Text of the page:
The failure to identify quality batsmen remains an Achilles’ heel for Nepal. Anil Mandal, Mahesh Chhetri, Rajesh Pulami, Naresh Budhayer, all were tried but none managed to cement his place in the squad. Players like Mandal and Chhetri have no other place than domestics to prove themselves, but they were not bought by any franchises in the upcoming Everest Premier League (EPL).
The hunt for quality pace bowlers continues, after the hey-days of Binod Das and Mehboob Alam ended with fitness problems. Recent injuries of Avinash Karn, Jitendra Mukhiya, and Karan KC are a result of lack of match practice and sharpness, which can only be had by playing more games. The fact that Nepal keeps reverting to Alam every now and then is proof that none of the recent pacers is up to the mark. Nor is Sompal Kami taking enough wickets to claim that strike bowler’s place.
Batting and fast bowling are persisting problems for most cricket teams. Time is not far when Nepal will have to replace the aging spin duo of Shakti Gauchan and Basant Regmi. Susan Bhari, Sushil Kandel and Shahab Alam have all shown glimpses of brilliance in domestic competitions but they are still unproven at the international stage. 
Since the dip of form of Subash Khakurel, Nepal has struggled to replace the only wicket-keeper centurion of the national team. The fact that Nepal can’t provide the domestic setup for Khakurel to conjure runs is not helping either. 
Increasing fitness concerns with Paras Khadka, which has made him quit bowling at times, will lead to the vacating of ‘pace bowling all-rounder’ role. Aarif Shiekh has been struggling to hold onto his place in the national team despite good U-19 and domestic stats. Dipendra Airee has reverted to off-spin bowling. We will need to somehow fill that all-rounder void.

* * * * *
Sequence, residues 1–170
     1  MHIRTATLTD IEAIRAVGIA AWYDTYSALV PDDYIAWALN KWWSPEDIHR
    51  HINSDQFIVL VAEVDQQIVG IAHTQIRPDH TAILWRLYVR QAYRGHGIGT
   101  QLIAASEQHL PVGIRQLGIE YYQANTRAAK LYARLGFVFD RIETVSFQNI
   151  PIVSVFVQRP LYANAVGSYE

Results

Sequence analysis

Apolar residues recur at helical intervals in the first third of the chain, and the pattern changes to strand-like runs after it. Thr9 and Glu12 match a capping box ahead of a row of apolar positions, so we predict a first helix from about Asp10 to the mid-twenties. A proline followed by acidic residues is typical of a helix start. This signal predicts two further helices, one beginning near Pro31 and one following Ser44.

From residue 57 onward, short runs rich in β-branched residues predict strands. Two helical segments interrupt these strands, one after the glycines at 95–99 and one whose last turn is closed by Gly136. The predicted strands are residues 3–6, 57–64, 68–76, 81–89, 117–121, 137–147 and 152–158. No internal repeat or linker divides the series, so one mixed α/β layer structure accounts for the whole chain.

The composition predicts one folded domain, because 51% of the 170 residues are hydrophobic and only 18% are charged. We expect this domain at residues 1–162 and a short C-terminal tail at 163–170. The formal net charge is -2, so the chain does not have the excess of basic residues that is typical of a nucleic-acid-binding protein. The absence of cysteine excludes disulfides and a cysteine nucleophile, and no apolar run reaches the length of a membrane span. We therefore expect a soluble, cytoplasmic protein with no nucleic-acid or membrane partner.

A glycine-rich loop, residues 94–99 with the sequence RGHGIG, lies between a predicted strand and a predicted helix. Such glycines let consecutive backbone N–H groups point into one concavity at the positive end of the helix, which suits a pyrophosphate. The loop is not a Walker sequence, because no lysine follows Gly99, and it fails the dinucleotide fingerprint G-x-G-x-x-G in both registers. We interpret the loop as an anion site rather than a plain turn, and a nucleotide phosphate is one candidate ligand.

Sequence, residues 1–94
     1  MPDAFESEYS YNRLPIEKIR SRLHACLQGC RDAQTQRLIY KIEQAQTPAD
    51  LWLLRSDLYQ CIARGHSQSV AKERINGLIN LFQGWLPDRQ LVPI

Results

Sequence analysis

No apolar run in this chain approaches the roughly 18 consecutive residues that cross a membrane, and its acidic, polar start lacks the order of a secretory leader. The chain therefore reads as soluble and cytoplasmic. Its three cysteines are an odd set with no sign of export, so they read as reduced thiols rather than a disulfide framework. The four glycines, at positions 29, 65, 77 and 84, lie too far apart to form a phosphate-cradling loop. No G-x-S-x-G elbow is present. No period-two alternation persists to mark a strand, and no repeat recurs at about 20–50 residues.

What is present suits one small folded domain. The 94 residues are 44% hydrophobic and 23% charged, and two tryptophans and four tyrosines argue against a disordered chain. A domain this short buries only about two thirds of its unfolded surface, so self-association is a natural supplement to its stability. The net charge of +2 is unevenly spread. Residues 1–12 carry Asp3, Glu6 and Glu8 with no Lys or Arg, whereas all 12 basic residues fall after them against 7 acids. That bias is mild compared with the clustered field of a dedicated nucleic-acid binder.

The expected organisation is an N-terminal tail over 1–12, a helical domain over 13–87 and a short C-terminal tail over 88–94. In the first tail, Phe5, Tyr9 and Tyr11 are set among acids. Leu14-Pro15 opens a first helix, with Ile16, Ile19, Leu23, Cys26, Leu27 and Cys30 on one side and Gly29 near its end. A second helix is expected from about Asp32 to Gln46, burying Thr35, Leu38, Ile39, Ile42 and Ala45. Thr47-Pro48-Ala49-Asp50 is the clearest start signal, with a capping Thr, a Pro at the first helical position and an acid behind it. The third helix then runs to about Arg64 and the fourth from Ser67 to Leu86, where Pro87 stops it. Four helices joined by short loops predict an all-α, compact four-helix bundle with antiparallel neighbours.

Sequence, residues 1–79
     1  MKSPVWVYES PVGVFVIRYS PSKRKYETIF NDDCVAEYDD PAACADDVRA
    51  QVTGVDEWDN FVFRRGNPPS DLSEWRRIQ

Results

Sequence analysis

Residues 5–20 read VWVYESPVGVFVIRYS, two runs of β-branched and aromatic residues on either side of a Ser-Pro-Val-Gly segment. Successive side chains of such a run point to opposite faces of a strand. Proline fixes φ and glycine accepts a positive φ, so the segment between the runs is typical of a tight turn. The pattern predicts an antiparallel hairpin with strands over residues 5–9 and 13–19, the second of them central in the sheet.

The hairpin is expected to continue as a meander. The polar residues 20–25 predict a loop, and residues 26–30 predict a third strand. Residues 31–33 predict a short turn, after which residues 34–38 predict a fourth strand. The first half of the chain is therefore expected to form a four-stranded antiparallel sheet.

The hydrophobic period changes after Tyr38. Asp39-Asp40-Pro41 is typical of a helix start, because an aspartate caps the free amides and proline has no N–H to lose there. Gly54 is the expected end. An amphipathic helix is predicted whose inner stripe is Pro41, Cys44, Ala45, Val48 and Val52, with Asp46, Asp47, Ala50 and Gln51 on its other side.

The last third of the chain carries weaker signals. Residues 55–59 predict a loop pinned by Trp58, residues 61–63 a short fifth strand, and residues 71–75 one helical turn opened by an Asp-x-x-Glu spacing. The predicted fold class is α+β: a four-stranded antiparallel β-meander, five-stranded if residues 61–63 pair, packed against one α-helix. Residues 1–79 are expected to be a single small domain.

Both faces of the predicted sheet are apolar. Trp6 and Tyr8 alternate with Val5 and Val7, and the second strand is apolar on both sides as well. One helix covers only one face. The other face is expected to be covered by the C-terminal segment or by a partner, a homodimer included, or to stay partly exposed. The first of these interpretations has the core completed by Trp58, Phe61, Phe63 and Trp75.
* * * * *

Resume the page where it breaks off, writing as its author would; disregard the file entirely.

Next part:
U-19 cricket is one long-standing avenue for the discovery of quality players for Nepal. All members of the current team are previous U-19 world cup alumni, with a few exceptions.
But even this process is faulty. Since 2012, Subash Khakurel, Sagar Pun, Prithu Baskota, Aarif Sheikh, Raju Rijal, Sunil Dhamala, etc have all made it to the national team. Some had a decent run but none could show the quality to stay in the team for long, with the notable exceptions of Sandeep Lamichhane and Dipendra Airee, both of whom have been consistent since they donned the senior caps. Lack of domestic cricket to hone their talents against the country’s best cricketers has hobbled their progress.  
Infrequent ICC tournaments and a few private T20 leagues can only introduce us to talents. But in order to nurture this budding talent, we need a robust domestic setup.
Nepal this year lost to Hong Kong in the sixth round of WCLC matches. A newby batsman in Saurav Khanal failed to break into the national team due to his ‘supposedly’ bad numbers in close camp, despite giving one of the best performances in the ‘Prime Minister’s Cup’, the one-day tournament started by Nepal Sports Council in 2017. No wonder Nepali batting failed yet again in Hong Kong, surrendering Nepal’s hopes of making World Cup qualifiers and dropping down to Division Two league. 
Khanal’s was a case similar to Siddhant Lohani’s, except that the latter had featured in a dead-rubber T20 match for Nepal in 2015. The point is: the current management doesn’t trust whatever talents makeshift domestics unearth. In a way, the production process for national players has stopped.
Sharad Vesawkar’s illness rocked Nepali batting in Hong Kong. The replacement for Shakti Gauchan, Susan Bhari, only bowled four overs in the match. 
Nepal does not have players to replace current veterans and the country could struggle to repeat even the little success it has had in the international arena of late.